Photo by Kara Murphy

Just a few weeks ago, a drone crashed through a window on the 27th floor of a building in Chicago. Last year, a tourist was apprehended for flying in downtown Manhattan, in the heart of New York City, where UAV operations are strictly prohibited. The month before, a remote pilot avoided disaster when his DJI Phantom 3 drone plummeted 36 stories from where it was inspecting a crack that formed on a window of San Francisco's Millennium Tower. It came down on the sidewalk, missing pedestrians by inches.

When operated properly, drones are capable of capturing angles and gathering critical data in areas that helicopters and small planes can't access. Launching a drone in crowded spaces poses two key potential risks: signal loss caused by magnetic field interference, and drifting caused by wind tunnels lurking between high-rise buildings.

In the US*, drones can be flown in cities, where it is legal under 14 CFR Part 107 rules, which allow the operator to fly more than 400 ft. AGL (above ground level) as long as the drone remains within 400 ft. of a building, or with the proper Certificate of Waiver or Authorization (COA) from the FAA. However, doing so requires the remote pilot-in-command to conduct a thorough risk assessment, identify potential hazards, and establish a set of emergency procedures to ensure the safest outcome possible.

Calibrate the compass before heading downtown

The most foolproof way to prevent a fly-away, and ensure location accuracy during flight, is to calibrate your drone’s compass. Locate an open field, roughly 15km (10 miles) away from where a flight in a heavily-congested area is planned; avoid parking structures with metal guardrails and cell phone towers, and remove watches and metal jewelry as even the slightest bit of magnetic interference will disrupt this critical procedure.

Always make sure to calibrate your drone's compass before flying in congested or urban environments.

Photo by Kara Murphy

Once at the calibration site, follow the procedure for calibrating your drone's compass. With minimal interference it will account for magnetic declination, which will allow it to operate with a higher degree of accuracy.

Make sure multiple flight modes are enabled

Most consumer-grade drones are equipped with intelligent flight modes and stabilization systems to ensure smooth, steady flights. On DJI drones there are three main flight modes — P-Mode (Position), A-Mode (Attitude), and S-Mode (Sport) — that can be accessed directly using the remote control. Both Position and Sport Mode rely on GPS and Glonass to hold the drone's position in the air.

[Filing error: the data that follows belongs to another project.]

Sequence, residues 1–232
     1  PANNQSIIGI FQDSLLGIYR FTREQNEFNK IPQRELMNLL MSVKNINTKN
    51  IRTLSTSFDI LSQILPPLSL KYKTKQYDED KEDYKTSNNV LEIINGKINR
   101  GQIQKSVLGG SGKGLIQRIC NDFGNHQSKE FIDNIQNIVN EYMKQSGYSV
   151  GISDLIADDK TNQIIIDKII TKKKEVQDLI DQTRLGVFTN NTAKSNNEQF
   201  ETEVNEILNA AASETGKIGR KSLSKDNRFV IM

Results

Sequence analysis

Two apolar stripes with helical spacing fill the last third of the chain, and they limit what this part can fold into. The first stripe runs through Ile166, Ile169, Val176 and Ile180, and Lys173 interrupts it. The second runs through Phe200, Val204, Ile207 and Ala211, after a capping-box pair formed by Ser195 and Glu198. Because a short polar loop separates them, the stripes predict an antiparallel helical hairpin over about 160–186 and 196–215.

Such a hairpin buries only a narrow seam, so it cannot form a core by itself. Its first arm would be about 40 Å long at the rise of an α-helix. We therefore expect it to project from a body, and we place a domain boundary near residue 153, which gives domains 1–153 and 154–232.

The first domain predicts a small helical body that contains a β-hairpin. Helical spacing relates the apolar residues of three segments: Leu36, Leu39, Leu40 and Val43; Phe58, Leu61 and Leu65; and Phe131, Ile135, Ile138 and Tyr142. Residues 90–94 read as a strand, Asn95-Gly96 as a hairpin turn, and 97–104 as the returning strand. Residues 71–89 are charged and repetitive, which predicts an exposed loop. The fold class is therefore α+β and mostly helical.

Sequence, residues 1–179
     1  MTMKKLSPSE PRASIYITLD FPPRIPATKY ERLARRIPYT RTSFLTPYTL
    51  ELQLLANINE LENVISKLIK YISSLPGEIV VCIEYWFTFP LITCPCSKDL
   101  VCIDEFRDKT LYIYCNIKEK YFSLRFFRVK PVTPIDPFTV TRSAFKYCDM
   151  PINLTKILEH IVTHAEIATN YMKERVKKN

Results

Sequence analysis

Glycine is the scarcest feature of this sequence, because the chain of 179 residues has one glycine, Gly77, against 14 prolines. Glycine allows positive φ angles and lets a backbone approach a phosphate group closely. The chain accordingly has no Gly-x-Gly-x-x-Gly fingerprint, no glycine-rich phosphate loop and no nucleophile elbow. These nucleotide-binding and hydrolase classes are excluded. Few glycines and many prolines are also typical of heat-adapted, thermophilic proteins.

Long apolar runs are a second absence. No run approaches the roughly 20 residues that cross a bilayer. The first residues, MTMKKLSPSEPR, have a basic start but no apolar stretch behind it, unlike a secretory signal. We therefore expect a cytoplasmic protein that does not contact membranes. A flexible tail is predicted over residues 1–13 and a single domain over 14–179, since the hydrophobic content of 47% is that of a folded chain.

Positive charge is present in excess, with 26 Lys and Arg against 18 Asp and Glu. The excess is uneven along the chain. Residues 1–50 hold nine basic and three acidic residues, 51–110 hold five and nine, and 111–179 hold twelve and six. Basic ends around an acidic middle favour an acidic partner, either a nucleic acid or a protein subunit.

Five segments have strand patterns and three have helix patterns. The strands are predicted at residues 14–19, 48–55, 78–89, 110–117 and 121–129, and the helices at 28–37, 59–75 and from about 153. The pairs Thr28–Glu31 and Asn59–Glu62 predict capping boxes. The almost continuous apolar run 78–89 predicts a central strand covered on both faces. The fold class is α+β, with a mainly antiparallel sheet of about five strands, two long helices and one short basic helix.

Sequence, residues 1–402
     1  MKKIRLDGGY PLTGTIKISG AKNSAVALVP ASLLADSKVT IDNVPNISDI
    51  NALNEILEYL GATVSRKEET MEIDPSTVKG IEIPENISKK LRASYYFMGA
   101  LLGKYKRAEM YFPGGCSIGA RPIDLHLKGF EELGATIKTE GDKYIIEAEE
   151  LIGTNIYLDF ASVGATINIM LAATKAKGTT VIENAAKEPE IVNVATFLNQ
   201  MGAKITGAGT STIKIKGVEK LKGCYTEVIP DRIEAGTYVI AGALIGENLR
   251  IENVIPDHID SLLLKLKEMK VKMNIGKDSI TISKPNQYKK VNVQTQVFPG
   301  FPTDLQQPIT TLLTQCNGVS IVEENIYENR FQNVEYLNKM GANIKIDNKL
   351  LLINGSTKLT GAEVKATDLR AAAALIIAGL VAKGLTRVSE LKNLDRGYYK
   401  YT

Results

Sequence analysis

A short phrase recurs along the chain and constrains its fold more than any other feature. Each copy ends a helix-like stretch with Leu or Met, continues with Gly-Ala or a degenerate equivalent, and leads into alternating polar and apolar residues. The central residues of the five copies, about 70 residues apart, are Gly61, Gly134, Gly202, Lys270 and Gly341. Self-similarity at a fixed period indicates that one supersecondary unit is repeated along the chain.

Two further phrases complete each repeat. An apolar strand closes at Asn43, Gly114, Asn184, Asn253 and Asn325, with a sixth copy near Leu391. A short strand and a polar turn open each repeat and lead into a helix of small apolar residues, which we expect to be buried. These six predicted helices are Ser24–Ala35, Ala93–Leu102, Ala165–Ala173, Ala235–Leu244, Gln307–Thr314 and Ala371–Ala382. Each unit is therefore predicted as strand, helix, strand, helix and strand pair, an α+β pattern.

While most flights can be conducted in Position Mode, as it allows the drone to hover in place and easily return home, there will be times when signal interference is severe. Attitude, or ATTI Mode, which retains altitude but causes the drone to drift with the wind, is the only option for flying where signals are compromised. And, since part 107 rules allow a pilot to operate up to 400 feet (120 meters) above the topmost part of a structure, encountering strong winds is inevitable.

DJI controllers feature a hardware toggle to quickly switch between Position, Attitude, and Sport modes.

Note: although GPS is disabled in ATTI mode, the GPS module still locates the drone in the background, meaning that someone can't use ATTI mode to circumvent restricted flight zones.

Switching from P-Mode to A-Mode is as simple as a flip of the switch on the controller. This shortcut can be accessed when Multiple Flight Modes are enabled in the DJI Go App. If the drone can no longer operate in Position or Sport Mode, it will automatically default to ATTI Mode. It’s always preferable to initiate this transition instead of being taken by surprise when the drone activates ATTI Mode on its own.

Practice flying in ATTI mode

As a general rule, you should never fly between tall buildings with GPS enabled. Numerous signals between buildings cause interference and create a substantial margin of error in the compass, setting the drone off course. The worst case scenario a pilot can encounter when flying in a congested area is relying on Position Mode, which stabilizes the drone and makes controlling it practically effortless, only to have the drone default to ATTI mode when the signal is inevitably lost.